How does depression relate to diabetes?

Bob Greene
Physiology Specialist

The conventional wisdom is that having diabetes triggers depression and vice versa—but a recent review of the research challenges that assumption, at least when it comes to type 2 diabetes. The joint University of Michigan-Ann Arbor and Johns Hopkins University in Baltimore review found that being depressed raises the risk of type 2 diabetes by 60 percent, but having type 2 diabetes doesn't increase your odds of developing depression.

It's possible depression is also a trigger of prediabetes. Research is showing that depression often leads to weight gain, particularly of visceral fat, the type of belly fat that leads to insulin resistance, prediabetes and type 2 diabetes. Being depressed also causes the release of higher levels of cortisol, the so-called stress hormone. This, in turn, promotes the accumulation of visceral fat—the more cortisol you have in your body, the more visceral fat gets laid down. Plus, inflammation is on the upswing and other systems go awry during depression, which may worsen insulin resistance and spur on type 2 diabetes and prediabetes. But why is depression more prevalent in type 1 diabetes? Unlike type 2, in people with type 1 diabetes, it's the disease that may be driving the blues.

If you're a woman with diabetes, you're more likely to have depression than a man with the same diagnosis. However, regardless of gender, having a low educational status and living without a partner are both significantly associated with depression in people with diabetes.

The Best Life Guide to Managing Diabetes and Pre-Diabetes

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The Best Life Guide to Managing Diabetes and Pre-Diabetes

Bob Greene has helped millions of Americans become fit and healthy with his life-changing Best Life plan. Now, for the first time, Oprah's trusted expert on diet and fitness teams up with a leading...

Depression is a mood disorder in which feelings of sadness, loss, anger or frustration interfere with everyday life. This mood disorder lasts for an extended period of time.

Although depression can strike anyone, studies suggest that people with diabetes are at higher risk. Studies also suggest that people with depression may be at greater risk for developing diabetes, perhaps because of increased insulin resistance in depressed patients.

Across the globe, researchers continue to research and debate the complex relationship between diabetes and depression. Recent research has confirmed the bi-directional nature of this co-morbid disorder. For persons with diabetes (type 1 or type 2), the prevalence of depression is increased significantly, compared to those without diabetes; those with diabetes are at least twice as likely to be depressed as those without diabetes. And, oppositely, depression appears to significantly increase the likelihood of developing type 2 diabetes.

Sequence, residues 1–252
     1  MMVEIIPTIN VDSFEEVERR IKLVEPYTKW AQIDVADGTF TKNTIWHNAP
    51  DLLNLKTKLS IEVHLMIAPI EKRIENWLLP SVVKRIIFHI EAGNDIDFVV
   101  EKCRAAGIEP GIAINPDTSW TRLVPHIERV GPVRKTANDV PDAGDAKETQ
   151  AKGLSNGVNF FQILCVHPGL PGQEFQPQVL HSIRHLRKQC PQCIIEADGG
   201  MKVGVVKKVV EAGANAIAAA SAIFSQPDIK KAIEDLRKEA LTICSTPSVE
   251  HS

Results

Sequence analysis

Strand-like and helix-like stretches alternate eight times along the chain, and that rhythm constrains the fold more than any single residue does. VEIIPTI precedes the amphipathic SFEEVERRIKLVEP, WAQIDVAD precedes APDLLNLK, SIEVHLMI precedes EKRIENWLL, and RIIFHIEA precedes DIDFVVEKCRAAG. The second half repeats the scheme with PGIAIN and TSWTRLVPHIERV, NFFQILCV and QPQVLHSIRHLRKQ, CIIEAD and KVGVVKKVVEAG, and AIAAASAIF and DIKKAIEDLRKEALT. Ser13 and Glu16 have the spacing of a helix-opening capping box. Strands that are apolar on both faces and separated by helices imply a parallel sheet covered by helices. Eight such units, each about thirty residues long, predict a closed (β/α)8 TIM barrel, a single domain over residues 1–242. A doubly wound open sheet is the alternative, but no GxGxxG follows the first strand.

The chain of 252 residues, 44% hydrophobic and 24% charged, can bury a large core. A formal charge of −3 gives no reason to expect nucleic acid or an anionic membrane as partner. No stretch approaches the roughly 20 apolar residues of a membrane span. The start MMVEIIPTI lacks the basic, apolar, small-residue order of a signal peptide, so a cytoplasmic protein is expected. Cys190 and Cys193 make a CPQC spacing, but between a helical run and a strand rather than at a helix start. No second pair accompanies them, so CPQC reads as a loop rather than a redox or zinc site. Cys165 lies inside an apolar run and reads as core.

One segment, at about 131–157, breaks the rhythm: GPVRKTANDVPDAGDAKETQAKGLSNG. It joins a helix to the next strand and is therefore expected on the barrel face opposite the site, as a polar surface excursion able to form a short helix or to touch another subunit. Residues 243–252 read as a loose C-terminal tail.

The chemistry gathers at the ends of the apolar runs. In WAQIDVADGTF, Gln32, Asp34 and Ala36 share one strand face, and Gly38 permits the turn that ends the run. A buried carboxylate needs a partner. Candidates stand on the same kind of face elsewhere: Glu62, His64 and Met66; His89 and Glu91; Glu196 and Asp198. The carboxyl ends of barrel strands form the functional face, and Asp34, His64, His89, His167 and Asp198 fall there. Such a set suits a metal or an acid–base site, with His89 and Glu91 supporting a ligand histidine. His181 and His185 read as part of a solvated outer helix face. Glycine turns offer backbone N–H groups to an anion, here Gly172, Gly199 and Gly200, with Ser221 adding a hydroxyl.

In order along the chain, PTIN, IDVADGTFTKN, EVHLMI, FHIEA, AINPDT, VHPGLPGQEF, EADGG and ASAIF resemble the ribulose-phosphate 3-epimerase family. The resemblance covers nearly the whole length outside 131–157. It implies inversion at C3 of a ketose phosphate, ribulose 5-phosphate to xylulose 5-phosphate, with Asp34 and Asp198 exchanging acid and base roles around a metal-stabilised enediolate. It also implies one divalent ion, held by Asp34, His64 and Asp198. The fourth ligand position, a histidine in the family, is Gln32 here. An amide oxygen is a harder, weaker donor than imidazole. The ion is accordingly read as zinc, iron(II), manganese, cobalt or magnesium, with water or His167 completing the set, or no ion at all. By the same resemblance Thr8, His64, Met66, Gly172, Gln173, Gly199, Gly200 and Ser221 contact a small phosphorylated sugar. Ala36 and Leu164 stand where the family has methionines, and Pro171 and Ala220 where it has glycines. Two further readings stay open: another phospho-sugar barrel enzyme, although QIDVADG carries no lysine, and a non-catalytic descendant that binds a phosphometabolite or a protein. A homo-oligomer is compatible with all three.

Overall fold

Untreated depression will make it less likely that you will be able to care for yourself and properly manage your diabetes. This poor self-care—which includes non-adherence to diet, less exercise, smoking, and not taking medications as directed—results in poor overall health and complications.

Various treatments—medication and therapy—can be successful in managing depression symptoms if you have diabetes. Treatment should be delivered collaboratively between diabetes and mental health service providers, or by primary healthcare providers trained to treat both diabetes and depression. Education and self-empowerment are also critical; empowerment can improve outcomes, including control over diabetes and the quality of life.

William Lee Dubois

It's almost normal for diabetics to be depressed, and the reasons spring both from our bodies and our minds. Let’s start with the body. Diabetes can interfere with serotonin levels in the brain, which in turn triggers depression. So diabetes can cause the blues in a physical, mechanical way.

But beyond simply having our bodies set up for depression, it also sucks to have diabetes. Diabetes requires constant attention, it affects what we can eat, how me need to move. There is testing, and medications, and worries about complications, and…

So yeah. We d-folks are at much greater risk of depression than people who don’t have diabetes. Some estimates place the rate of depression amongst diabetics as high as 50 percent.

I think that this is one of those things that you just have to accept goes hand-in-hand with having diabetes. You need to first recognize the fact, and then accept it. If you are depressed you need to treat it, just the same as you need to treat your blood sugar, blood pressure and cholesterol.

There are a variety of anti-depressants, and you should not be ashamed to take one. It is simply part and parcel of the treatment of diabetes.

So if you are depressed, bummed, blue, out-of-sorts, talk to your doctor about whether an anti-depressant is right for you.

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Important: This content reflects information from various individuals and organizations and may offer alternative or opposing points of view. It should not be used for medical advice, diagnosis or treatment. As always, you should consult with your healthcare provider about your specific health needs.